At the end of almost every quarter of a basketball game, whichever player is holding onto the ball in the final seconds will throw up a shot from wherever he or she happens to be at the time.
Those shots are seldom expected to go in, especially when they’re coming from the other end of the court; even being near the target with a desperation launch is enough to elicit a reaction from the crowd.
Every so often, though, one will go in — and few moments in basketball are more memorable.
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Trayce Jackson-Davis likely won’t forget his buzzer-beating heave anytime soon. The Center Grove junior banked one in from about 65 feet at Lawrence North on Jan. 26, lifting the Trojans to a 48-45 victory in the most dramatic fashion imaginable.
“Just crazy,” Jackson-Davis said of his miraculous game-winner. “Crazy, crazy, crazy. Just give it a chance, and that’s what I did, and I saw it starting to line up and it just so happened it went in.”
“It was a big-time shot in a big-time moment, and one that we desperately needed,” Center Grove coach Zach Hahn added. “Because we had given away a couple of leads a couple of weeks before that, and then we come back and we were up 10 against (Lawrence North), the lead whittles away and then we make the shot to bury it.
“Really good things happen when you get the ball to your best player.”
While Jackson-Davis’ shot garnered the most attention because it was the winning basket in a high-profile contest, similar tosses have been falling with greater frequency than usual of late. Edinburgh junior Bryce Burton sank a one-hander off the backboard from nearly 80 feet away to beat the halftime horn in a Feb. 9 home game against Greenwood Christian, and Indian Creek was burned by a similar second-quarter miracle from Madison’s Landon Conner four nights later.
“The funny thing is, you could probably take the whole team down there for two hours at practice and nobody would make one,” Indian Creek coach Drew Glentzer said.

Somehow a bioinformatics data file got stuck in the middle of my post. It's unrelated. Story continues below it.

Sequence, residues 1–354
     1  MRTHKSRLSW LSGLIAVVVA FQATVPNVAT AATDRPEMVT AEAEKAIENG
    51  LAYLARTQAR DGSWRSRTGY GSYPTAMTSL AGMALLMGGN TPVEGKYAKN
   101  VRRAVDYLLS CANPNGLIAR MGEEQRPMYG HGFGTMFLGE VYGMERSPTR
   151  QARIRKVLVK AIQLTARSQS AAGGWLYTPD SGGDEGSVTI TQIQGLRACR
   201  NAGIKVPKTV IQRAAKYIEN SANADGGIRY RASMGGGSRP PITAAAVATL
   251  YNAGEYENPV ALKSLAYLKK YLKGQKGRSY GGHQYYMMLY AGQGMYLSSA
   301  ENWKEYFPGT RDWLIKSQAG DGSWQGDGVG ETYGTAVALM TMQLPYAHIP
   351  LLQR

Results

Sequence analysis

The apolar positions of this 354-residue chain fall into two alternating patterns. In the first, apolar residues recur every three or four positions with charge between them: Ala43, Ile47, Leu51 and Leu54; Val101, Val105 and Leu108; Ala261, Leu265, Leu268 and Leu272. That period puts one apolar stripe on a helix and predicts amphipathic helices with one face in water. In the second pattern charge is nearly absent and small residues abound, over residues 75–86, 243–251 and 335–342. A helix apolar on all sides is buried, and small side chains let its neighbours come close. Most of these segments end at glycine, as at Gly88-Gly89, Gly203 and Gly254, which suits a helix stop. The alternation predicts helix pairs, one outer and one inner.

The Jackson-Davis shot helped Center Grove escape Lawrence North with a victory despite letting a late nine-point lead slip away. The host Wildcats used a 14-2 run to take the lead, but Spencer Piercefield hit a 3-pointer to tie the game with 15.9 seconds left.
After Lawrence North missed two potential go-ahead shots with time running out, Jackson-Davis came away with a rebound, dribbled once to clear the traffic and fired from just outside the foul line, banking it off the glass and in as the clock hit zero.
Jackson-Davis ran over to the Trojans bench area, where he was mobbed by teammates — and Hahn, who may have been even more excited than his players were in the moment.
“My first thought was to tackle him to the ground, and that’s what I did,” Hahn said. “I think I was the first one on him.
The reaction was far more muted for Burton’s shot — largely because the Lancers were trailing at the time.
Even Burton himself didn’t let himself celebrate the moment.
“As I threw it, I was just so mad that we were getting beat at the time that I just threw it up,” the junior recalled. “I watched it go in, and then I turned around. The only person I made eye contact with was my little cousin — she was just cheesing ear to ear at me, and I did not crack a smile.
“And then once I got up the stairs, our assistant athletic director was standing here, Brad Rooks. He was dying laughing, and that’s when I cracked a smile and just started laughing with him. It was just a good feeling.”
The good feeling didn’t last; despite the momentary lift from Burton’s shot, the Lancers wound up losing to GCA, 81-69.
For the teams getting victimized by such shots, it can be demoralizing — a “chin to chest” moment, as Glentzer called it.
His Braves had just gotten a bucket from Jared DeHart to get within eight points with 1.3 seconds left in the half before Conner connected on a one-handed baseball toss to reclaim the momentum for Madison.
The Cubs had already made several 3-pointers in the first half, so Glentzer said he almost wasn’t surprised to see that one fall.
“They had shot the ball so well that I was like, ‘Well of course they’re going to hit this,’” he said.
Burton said he attempts halfcourt shots when he’s switching ends during pregame shootarounds, but he isn’t sure he’s even made many of those — never mind one from that distance.
Coaches aren’t exactly devoting practice time to such shots, so for most players it’s just a matter of getting lucky.
“It’s nothing we put any kind of emphasis on to get better at,” Edinburgh coach Keith Witty said.
Like Burton, Jackson-Davis said his “practice” when it comes to long-range shots is mainly limited to a midcourt try or two during shootaround, so it’s not a very high percentage shot for either of them.
Hahn notes, however, that his 6-foot-9 star is better equipped physically than most to make those shots.
“He’s got the strength to get it there, but he’s also got big enough hands that he can put the ball exactly where he wants it,” Hahn said.
It doesn’t work every time, but it leaves a pretty sizable imprint when it does.